"It is more or less certain that there will be no congress next year because this would provide the enemy with an opportunity to initiate a leadership change.

"Our constitution states that a congress should be held every five years and that a person can only hold two successive terms as president. Next year Mr Tsvangirai will have been opposition president for 10 years.

"Our argument is that he has only been president of MDC-T since 2007 and hence he will be eligible for re-election when the next congress is held in 2012."

The MDC split on October 12, 2005 over differences to do with participation in that year's Senate elections and the breakaway faction chose Professor Arthur Mutambara to lead it.

Mr Tsvangirai's faction held its own congress in 2007.

It could not be established who was being earmarked to take over the party, though

party secretary-general Mr Tendai Biti's name was being bandied about.

Asked why some people wanted to oust Mr Tsvangirai, an official close to the plot said: "We feel that he tries to cater for too many diverse interest groups and some of them have been responsible for our failure to get (President) Mugabe out of office.

"He listens to the British, he listens to the Americans, he listens to the Scandinavians, he listens to white former commercial farmers, he listens to former Rhodesian soldiers and then he also wants to listen to Zimbabweans from all walks of life who are the voters.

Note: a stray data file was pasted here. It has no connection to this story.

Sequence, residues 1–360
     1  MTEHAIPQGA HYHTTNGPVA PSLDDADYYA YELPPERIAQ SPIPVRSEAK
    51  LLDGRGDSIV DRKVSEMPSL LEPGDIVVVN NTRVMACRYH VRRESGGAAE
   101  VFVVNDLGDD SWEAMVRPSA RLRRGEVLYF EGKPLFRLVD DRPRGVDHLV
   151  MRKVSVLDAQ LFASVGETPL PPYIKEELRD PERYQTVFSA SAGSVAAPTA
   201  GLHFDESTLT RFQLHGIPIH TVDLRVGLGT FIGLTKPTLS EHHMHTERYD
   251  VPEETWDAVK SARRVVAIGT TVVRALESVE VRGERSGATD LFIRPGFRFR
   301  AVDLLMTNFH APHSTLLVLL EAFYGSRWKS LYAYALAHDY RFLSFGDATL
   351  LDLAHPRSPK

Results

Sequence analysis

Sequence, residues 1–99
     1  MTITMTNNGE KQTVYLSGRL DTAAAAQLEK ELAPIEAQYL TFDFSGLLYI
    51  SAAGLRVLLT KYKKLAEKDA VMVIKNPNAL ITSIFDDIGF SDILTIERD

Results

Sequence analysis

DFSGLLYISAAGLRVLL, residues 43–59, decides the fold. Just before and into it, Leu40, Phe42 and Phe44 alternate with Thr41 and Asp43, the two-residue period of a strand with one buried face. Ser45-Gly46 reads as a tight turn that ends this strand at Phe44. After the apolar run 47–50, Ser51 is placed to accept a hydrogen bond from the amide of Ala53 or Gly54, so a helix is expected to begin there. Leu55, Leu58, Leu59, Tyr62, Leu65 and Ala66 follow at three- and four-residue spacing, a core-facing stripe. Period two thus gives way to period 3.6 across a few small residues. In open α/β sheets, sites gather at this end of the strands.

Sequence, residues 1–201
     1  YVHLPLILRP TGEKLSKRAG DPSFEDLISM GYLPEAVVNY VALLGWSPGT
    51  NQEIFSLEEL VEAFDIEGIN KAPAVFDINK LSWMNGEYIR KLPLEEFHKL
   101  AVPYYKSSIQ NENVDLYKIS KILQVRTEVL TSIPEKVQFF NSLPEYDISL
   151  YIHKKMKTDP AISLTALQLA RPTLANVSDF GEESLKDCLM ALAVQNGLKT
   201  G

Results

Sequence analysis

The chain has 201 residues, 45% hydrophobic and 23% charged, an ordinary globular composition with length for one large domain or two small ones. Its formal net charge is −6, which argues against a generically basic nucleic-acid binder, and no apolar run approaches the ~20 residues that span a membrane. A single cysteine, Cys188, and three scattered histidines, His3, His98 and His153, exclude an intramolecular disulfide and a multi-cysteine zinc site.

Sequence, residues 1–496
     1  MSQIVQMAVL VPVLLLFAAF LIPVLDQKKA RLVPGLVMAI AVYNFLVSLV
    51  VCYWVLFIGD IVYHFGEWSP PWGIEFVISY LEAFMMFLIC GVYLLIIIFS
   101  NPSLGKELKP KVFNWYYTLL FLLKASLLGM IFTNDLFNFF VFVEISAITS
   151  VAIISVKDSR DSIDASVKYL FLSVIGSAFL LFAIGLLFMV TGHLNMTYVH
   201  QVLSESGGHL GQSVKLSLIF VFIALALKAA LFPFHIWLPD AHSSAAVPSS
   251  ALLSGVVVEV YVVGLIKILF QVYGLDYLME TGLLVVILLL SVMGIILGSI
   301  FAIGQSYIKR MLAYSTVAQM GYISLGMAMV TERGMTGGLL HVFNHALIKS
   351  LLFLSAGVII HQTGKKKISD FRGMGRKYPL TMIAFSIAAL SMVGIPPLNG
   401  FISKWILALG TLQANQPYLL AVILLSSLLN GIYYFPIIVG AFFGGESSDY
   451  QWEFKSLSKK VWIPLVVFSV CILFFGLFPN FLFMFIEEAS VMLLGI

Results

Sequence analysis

"Things can't work like that. Zanu-PF has staked its political future on the rural populace and this has kept them in power. We have to admit that it has been a successful strategy while we have been failing to roll out a consistently strong strategy for any extended period of time.

"It must change. If Tsvangirai takes the party into the inclusive Government with the present convoluted approach to national politics, (President) Mugabe will have us for breakfast."

Mr Tsvangirai is in France where he is reported to have met the European Union presidency for "consultations".

Mr Chamisa could not say what Mr Tsvangirai was doing in France, where he is said to have gone for "consultations" following the recent Sadc Extraordinary Summit in Sandton, South Africa.

He also could not say what kind of travel document Mr Tsvangirai was using as he was issued with an emergency travel document valid for South Africa only, where the Sadc summit was held.

He referred all questions to Mr Tsvangirai's spokesman George Sibotshiwe, who could not be reached for comment.

Sadc leaders last week urged Zanu-PF and the MDC formations to form an inclusive Government immediately and to enact Constitutional Amendment Number 19 to give legal force to the provisions of the agreement.

Zanu-PF has stated its willingness to comply with Sadc's decision and President Mugabe has started the process of forming a Government.

MDC-T and MDC were invited to submit lists of their preferred ministers to President Mugabe to facilitate the formation of the inclusive Government.